Day 1: We have received the ant farm and have filled it with the accompanying perlite. The harvester ants are coming from California, and will arrive on Day 2, by mail. About 30 ants should arrive, hopefully with their life and limbs intact, according to the documentation provided.
Day 2: The ants are here. 20 dead. The rest, about 25 alive, look visibly upset. Since they left their travel tube they have been cleaning the stink of the dead off of themselves. They also appear hungry and thirsty. We give them some walnut crumbs and they go to town. They drink up some water out of a wet cotton ball. Satiated, some rest and some start to dig.
Day 3: They have connected all three openings below the plastic horizontal divider and there is a tunnel going down. It is about a half-inch long. The ants have also created an area to clean themselves in, between the divider and the sand. This seems like a very important ritual.
Day 4: Now there are two tunnels. One is u-shaped and approaching the top of the sand again to create a new entrance. Will they keep going? We see a five-legged ant, working as hard as all the others. We name her Brumhilda, for no particular reason.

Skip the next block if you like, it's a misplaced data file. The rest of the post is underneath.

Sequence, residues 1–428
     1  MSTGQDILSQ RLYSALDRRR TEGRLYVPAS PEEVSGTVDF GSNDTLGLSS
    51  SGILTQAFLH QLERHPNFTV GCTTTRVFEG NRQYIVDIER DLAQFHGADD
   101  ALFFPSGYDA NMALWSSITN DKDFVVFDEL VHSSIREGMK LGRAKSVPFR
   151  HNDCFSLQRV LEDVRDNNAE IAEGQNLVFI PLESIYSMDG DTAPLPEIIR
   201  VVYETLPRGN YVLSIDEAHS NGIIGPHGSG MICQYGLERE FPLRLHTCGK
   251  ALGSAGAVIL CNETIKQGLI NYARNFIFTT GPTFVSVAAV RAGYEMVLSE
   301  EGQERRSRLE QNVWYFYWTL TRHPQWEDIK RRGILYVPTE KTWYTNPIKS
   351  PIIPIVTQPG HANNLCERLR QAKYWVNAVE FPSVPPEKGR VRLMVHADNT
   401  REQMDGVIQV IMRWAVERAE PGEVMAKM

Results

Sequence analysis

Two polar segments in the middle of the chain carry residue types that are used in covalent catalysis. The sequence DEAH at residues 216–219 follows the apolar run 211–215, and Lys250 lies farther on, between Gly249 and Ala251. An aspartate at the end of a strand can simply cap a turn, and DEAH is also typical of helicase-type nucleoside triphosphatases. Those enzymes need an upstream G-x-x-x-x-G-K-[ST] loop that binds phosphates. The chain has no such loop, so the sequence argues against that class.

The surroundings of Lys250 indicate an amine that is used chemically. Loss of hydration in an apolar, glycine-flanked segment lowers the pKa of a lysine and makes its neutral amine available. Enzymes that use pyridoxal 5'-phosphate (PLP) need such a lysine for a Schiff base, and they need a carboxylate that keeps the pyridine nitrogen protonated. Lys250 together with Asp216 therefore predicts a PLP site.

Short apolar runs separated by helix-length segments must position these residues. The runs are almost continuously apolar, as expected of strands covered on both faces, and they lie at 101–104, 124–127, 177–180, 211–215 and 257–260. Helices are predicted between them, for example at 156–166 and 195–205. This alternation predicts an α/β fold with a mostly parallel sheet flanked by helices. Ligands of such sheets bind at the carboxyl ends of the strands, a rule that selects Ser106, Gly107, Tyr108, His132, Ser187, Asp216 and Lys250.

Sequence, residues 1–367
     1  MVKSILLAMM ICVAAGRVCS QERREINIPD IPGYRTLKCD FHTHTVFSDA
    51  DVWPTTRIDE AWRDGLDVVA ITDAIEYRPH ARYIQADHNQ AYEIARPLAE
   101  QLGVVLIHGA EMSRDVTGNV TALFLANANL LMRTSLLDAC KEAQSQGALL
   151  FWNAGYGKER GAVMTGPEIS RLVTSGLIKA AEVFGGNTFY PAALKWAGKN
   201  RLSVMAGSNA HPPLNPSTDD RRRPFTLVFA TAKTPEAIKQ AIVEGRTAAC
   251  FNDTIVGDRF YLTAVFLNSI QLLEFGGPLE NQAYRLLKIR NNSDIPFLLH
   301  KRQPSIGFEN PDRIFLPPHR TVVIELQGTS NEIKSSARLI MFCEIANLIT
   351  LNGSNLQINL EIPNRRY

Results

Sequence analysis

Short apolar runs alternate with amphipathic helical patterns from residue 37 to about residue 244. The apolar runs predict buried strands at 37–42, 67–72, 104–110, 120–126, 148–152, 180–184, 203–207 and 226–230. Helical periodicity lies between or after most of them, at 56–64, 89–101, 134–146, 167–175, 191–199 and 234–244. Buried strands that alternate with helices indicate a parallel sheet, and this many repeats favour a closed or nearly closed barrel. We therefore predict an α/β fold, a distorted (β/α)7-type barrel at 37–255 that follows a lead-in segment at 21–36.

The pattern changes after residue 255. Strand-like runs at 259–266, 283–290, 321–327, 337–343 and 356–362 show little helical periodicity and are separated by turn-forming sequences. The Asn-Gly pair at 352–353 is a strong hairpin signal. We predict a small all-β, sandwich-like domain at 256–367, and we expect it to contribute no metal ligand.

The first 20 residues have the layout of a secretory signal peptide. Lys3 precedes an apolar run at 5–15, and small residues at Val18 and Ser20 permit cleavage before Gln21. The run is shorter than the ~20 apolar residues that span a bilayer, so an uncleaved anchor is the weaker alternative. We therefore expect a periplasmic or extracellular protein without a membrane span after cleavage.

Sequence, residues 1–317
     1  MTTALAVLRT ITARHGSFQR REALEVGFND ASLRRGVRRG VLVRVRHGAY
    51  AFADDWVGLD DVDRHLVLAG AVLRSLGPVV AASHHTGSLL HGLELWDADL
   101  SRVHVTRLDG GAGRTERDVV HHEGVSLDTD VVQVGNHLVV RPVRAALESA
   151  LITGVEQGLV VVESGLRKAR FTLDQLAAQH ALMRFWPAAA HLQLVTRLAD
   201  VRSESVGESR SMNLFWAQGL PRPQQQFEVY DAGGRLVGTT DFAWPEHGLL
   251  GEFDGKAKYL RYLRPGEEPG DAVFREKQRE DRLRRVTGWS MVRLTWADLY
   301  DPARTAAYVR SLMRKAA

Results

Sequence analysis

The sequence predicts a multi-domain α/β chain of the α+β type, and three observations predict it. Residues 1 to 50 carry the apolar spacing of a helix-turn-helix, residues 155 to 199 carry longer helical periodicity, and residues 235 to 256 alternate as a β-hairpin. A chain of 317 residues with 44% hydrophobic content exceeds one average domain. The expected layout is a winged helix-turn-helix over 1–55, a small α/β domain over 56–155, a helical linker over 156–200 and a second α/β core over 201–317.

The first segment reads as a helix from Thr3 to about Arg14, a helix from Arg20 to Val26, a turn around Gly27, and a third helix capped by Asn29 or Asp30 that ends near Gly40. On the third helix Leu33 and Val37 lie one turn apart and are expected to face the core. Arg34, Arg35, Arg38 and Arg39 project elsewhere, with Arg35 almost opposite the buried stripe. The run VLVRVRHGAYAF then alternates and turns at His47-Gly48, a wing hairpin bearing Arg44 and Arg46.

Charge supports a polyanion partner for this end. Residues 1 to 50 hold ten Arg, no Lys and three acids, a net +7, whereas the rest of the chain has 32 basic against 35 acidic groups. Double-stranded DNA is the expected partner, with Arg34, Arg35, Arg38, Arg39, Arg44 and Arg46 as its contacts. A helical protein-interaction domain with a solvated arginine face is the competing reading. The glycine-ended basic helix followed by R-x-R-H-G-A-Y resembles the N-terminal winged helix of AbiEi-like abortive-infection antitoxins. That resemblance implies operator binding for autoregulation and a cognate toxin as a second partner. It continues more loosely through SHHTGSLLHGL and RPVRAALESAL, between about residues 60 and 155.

Day 5: There are three tunnels now. The ladies are working hard. Because there is no queen ant, they have no child-rearing duties to perform. They dig and dig and dig. Purposelessly. They will continue to dig, until they cannot dig. Then, they will probably cover up some tunnels and dig new ones. They will always dig.
Day 6: A dead ant appears among the colony. It appears to have had its legs torn off. We attempt to remove it from the farm, but cannot reach without disturbing the other ants. Later, they carry the corpse around for a while. Is this an ant funeral?
Day 6.5: The ants appear to have buried the dead body, but propped the head up on a mound. We remove both.
Day 7: It seems like there are a thousand tunnels. They have even stacked sand on top of the plastic horizontal divider and made tunnels in there too. You can see tunnels from both sides of the farm now. They basically cover all available area without it just being an empty rectangle.
Day 8: A fog comes over the colony. The humidity in Newark is 85% or more that day. We can hardly see the ants through the condensation. We place a piece of paper towel into the farm, to soak up some of the moisture.
Day 9: Today it is time to feed the colony. We drop a candy sprinkle into the farm as a treat after we fed them some more walnut crumbs. We accidentally hit one with the sprinkle. All 24 start screaming, screaming, screaming. We cannot hear them. They are all running too, so excitedly that they trip and spin all over the habitat. After about a minute, they eat the sprinkle.
Day 10: The ants are gone.
(You can read Part 2 of Diary of an Ant Farm here.)